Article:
Lufthansa May Cut 22,000 Jobs Due to Coronavirus Pandemic
Shares of the German National Airline Has Plummeted 9%
The German airline Lufthansa may cut 22,000 jobs as the company is struggling to keep afloat amid the coronavirus pandemic that has severely affected the entire airline industry across the world. The company’s stock shares have fallen 9% since the news was made public on Thursday. A slow and steady recovery is being predicted by the corporation in the upcoming future. Due to the current world crisis, around 100 aircrafts owned by Lufthansa have been grounded due to decreased passenger load.
Lufthansa suffering amid coronavirus pandemic
The German national airline company Lufthansa may cut 22,000 jobs amid the current global crisis. Out of the total reduction in employees, half of them are located in Germany, while the rest are spread across the world. The corporation is fully trying to avoid forced and complete termination by reducing the working hours and other multiple adaptations.
These terms and conditions regarding Lufthansa may cut 22,000 jobs were finalized on Wednesday by the board members of the corporation. The company is trying its best to prevent a notable reduction in personnel costs while trying not to weaken the airline when the company is able to resume its flight operation across the globe.
In the initial months of the coronavirus pandemic, the German airline has predicted to let go of 10,000 working employees, but as the global catastrophe is rapidly increasing, Lufthansa may cut 22,000 jobs. This doubling of employee reduction signifies the critical situation of the airline industry suffering from the consequences of a worldwide plague.
In the previous month, Lufthansa has agreed with the German government to provide more than $10 billion to help aid the country from collapsing. The government will take a 20% stake in the national airline of Germany, which would later be sold in 2023. This deal will be approved by the board of directors and shareholders of the firm, along with the European Commission.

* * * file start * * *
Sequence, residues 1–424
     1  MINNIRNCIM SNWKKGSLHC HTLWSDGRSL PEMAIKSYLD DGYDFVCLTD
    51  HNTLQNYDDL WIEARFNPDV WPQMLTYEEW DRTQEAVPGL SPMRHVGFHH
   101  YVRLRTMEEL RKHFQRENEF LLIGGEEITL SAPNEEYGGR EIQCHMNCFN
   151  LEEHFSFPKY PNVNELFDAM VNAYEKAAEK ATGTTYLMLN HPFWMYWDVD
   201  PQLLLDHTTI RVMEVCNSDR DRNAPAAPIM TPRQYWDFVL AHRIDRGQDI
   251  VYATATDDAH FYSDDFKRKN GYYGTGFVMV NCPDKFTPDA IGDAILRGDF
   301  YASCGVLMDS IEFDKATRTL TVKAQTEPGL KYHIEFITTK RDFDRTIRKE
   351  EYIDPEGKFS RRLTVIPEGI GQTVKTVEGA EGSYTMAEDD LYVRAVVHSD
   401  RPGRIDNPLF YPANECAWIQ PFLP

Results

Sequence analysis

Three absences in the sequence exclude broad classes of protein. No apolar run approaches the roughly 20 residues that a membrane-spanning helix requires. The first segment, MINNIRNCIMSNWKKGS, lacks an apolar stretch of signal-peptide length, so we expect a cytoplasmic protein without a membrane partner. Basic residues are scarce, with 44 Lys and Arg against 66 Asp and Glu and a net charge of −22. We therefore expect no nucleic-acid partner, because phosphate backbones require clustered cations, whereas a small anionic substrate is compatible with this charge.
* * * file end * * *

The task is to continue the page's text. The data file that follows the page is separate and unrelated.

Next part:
The downside of this deal is that the European Union has taken away key landing spots in the major airports of Munich and Frankfurt. The final deal was approved by the authorities after the airline agreed to shift 24 landing and takeoff slots to their rival airline companies along with multiple aircraft from their massive fleet. The final seal of approval will be done on June 25 as Lufthansa may cut 22,000 jobs from their firm.
Stock shares of Lufthansa
The stock of Lufthansa has pummeled 9% due to the current coronavirus outbreak across the world as Lufthansa may cut 22,000 jobs. Across the world, numerous countries have implemented travel restrictions along with closing down of their international borders to prevent further transmission of the COVID-19 infectious pathogen. Due to these rapidly escalating coronavirus cases, which have now reached 7,538,414 globally, the entire airline industry has been grounded to prevent further spread of infection. As the coronavirus pandemic is slightly reducing after strict implementation of preventive measures, several airlines, including EasyJet, Emirates, and Transavia, have announced to resume their flight operation in various countries across the world.
Multiple United States airlines, including Delta, United, and American, have made an agreement with the United States Treasury Department for a rescue deal which is worth billions of dollars in the month of April.
Job cuts in the airline industry
The German airline’s extensive job termination comprises 16% of the total employees working for the corporation as Lufthansa may cut 22,000 jobs. The company is critically suffering from the lasting impact of coronavirus pandemic, which will require multiple years to fully recover.
British Airways have recently announced to terminate 12,000 jobs from their corporation. The 30% administration workers and other staff will be let go by American Airlines while the leading American aircraft manufacturing company Boeing will be reducing 13,000 employees working under their company.